Ominous side of added wealth

The Economy

Stock drop could hit free spenders hard

July 25, 1999|By William Patalon III

MOST of the nation's spend-a-holic consumers gaze at our booming economy and see reason for continued optimism.

But Lyle K. Benson sees cause for concern.

Consumers are "generally upbeat still," says Benson, who, as a financial planner in Towson, sees a lot of them. "People generally feel that things are going to keep going along pretty much as they are. That scares me, because I know that they won't."

Too much of a good thing can be bad. Even with wealth.

The ascending value of our retirement plans, brokerage accounts and homes has helped fuel an economic expansion of stunning strength, longevity and resilience. Many economists say that's the work of the "wealth effect," the belief that as our net worth increases, we feel richer and spend more.

The wealth effect has an evil twin -- sometimes labeled the "reverse-wealth effect," or "wealth shock." The reverse-wealth effect occurs when net worth sharply contracts. We feel poorer and clamp down on spending.

Consumers react more severely to bad news than to good. Thus, a wealth shock hurts the economy more quickly -- and to a greater degree -- than the wealth effect helps it, economists say.

Combine a Federal Reserve that has raised interest rates once (and appears ready to do so again) with a stock market most say is vastly overvalued, and it's clear our wealth is vulnerable. And so is the economy. Many economists say a sudden plunge in stock prices could blindside the ebullient American consumer, causing a big drop in spending and tipping our $8.8 trillion economy into a downward spiral.

According to the wealth-effect theory, for each $1 stock prices rise, consumers boost spending from a penny to 3 cents, though the increase might take two years.

For each $1 decline, spending is believed to fall 7 to 8 cents within six to 12 months.

Critics of the hypothesis say stocks aren't like a bank account. Wealth-effect proponents say that misses the point. The fatter those retirement or brokerage-accounts appear, they say, the more confident consumers are about dipping into savings, using their credit cards or borrowing against their homes.

Not afraid to borrow

That's the wealth effect's power: If consumers feel flush, they're not afraid to borrow and spend, said Maureen F. Allyn, chief economist for Scudder, Stevens & Clark Inc.

Wealth-effect disbelievers point to the crash of 1987 and the market's big decline last year as evidence that stock-price drops do not end the party. But in both cases, the Fed immediately cut interest rates, nurturing a rebound in stock prices.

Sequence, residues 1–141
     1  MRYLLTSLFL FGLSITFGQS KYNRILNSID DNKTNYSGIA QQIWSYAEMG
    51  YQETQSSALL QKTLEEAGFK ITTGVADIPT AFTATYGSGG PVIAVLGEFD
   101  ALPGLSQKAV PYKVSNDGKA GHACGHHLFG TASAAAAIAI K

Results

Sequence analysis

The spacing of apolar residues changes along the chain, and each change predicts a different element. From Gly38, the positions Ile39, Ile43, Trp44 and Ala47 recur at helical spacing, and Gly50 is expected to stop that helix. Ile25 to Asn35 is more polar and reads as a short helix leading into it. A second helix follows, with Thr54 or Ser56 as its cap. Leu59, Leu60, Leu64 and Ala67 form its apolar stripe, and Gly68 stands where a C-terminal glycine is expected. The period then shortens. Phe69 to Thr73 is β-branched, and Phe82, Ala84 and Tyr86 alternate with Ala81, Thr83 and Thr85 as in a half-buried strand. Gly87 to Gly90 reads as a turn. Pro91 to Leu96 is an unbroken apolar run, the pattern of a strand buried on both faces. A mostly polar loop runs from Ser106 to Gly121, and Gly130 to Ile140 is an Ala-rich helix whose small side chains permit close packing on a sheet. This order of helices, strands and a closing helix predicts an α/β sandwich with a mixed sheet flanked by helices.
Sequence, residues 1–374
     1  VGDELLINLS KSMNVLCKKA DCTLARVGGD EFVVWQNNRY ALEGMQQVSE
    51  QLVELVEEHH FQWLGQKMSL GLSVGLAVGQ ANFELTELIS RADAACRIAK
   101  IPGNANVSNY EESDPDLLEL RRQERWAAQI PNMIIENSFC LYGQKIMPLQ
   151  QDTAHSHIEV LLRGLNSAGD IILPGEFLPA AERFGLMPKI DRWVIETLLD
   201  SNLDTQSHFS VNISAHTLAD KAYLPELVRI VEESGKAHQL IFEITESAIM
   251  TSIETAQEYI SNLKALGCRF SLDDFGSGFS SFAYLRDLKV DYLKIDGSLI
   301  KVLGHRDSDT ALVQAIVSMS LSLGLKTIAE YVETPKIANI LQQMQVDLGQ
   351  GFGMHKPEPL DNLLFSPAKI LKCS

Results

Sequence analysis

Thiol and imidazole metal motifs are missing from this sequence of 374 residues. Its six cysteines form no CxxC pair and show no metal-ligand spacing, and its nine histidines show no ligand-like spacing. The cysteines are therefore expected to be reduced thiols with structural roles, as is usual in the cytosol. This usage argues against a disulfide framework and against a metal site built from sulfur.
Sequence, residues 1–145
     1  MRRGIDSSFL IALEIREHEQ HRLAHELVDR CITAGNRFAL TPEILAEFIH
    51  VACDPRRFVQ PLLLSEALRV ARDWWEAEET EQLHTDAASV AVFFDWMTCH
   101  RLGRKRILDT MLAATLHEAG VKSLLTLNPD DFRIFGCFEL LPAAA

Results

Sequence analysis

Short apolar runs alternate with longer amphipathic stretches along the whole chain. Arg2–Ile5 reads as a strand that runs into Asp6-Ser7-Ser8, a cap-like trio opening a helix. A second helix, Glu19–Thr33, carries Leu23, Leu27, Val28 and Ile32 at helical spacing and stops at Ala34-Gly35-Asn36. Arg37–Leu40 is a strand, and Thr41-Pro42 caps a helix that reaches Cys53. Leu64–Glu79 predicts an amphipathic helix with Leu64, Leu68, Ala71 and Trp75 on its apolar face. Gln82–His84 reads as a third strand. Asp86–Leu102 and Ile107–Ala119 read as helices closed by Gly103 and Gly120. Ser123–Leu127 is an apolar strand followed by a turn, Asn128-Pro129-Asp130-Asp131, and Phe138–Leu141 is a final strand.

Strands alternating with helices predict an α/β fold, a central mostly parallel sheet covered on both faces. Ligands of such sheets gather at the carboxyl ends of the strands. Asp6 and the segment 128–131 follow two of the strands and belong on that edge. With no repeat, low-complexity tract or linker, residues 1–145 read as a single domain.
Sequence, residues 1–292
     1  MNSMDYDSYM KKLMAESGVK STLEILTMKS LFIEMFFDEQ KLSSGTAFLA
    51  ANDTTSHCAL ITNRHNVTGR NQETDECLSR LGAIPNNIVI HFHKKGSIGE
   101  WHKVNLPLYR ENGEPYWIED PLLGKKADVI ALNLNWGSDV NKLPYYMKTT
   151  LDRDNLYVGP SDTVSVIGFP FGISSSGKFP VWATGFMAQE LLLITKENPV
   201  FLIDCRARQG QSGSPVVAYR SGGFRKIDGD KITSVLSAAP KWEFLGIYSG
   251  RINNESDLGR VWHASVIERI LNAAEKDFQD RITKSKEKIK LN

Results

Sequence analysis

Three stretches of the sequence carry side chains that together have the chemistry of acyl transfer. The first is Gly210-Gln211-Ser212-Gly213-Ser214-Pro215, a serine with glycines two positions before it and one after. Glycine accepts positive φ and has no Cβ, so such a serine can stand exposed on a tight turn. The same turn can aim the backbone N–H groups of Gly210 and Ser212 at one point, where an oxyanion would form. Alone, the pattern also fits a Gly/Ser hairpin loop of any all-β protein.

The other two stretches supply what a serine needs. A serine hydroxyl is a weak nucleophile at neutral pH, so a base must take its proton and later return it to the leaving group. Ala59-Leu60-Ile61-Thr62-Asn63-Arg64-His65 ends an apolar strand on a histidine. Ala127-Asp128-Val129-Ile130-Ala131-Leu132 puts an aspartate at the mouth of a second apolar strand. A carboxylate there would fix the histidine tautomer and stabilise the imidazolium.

By contrast, the Fed is now raising rates.

Wealth-effect naysayers also contend that stock prices matter only to the rich. That was once true, but not today. In 1987, stocks made up less than 26 percent of a typical family's assets. By last year, that figure exceeded 40 percent. Some economists believe it's now half.

That makes sense. First, stock ownership has grown as employers increasingly offer 401(k) retirement accounts that put their workers into stock mutual funds. Second, the market's value has surged from $2.9 trillion in 1990 to about $13 trillion now.

Drop-off in economy

Clearly, a steep drop in stock prices would shock a lot of now-buoyant consumers. And that could translate into a drop-off in the economy. With a 15 percent stock market decline, spending could fall by $140 billion over the next year, an amount equal to 1.6 percent of overall gross domestic product. In other words, with an economy expected to grow 4 percent this year after similar jumps of 3.9 percent in 1997 and last year, the "wealth shock" of a 15 percent market drop could spawn a falloff equal to 40 percent of the nation's total growth.

That's probably an oversimplification, but there's plenty of evidence underscoring how the consumer is playing a greater-than-usual role in economic growth.

Historically, consumer spending accounts for 65 percent of the total economy. Now, it's 69 percent, said Sung Won Sohn, chief economic officer for Wells Fargo & Co. in Minneapolis.

What's more, thanks to the wealth effect, consumer spending is accelerating.

Starting in October, and continuing every month since, spending increases have outpaced wage increases, says the Commerce Department, meaning consumers are dipping into savings or taking on more debt, which is at record levels.

Increased freedom

The wealth effect has made life better for Americans, but the increased freedom to borrow and spend it has placed consumers in a precarious spot.

Benson, the Towson-based financial planner, has seen that vulnerability firsthand, particularly with too-confident consumers who, emboldened by the gains in their portfolios, stretched themselves to buy the biggest houses they could afford. In doing so, these consumers didn't consider the day when the stock market experiences one of its periodic -- and unavoidable -- declines.

"The value of some of these houses, it scares me," says Benson. "These people mortgaged to the max to do that because they wanted to trade up. But they haven't stepped back to consider [what would happen] when their asset base inevitably declines."

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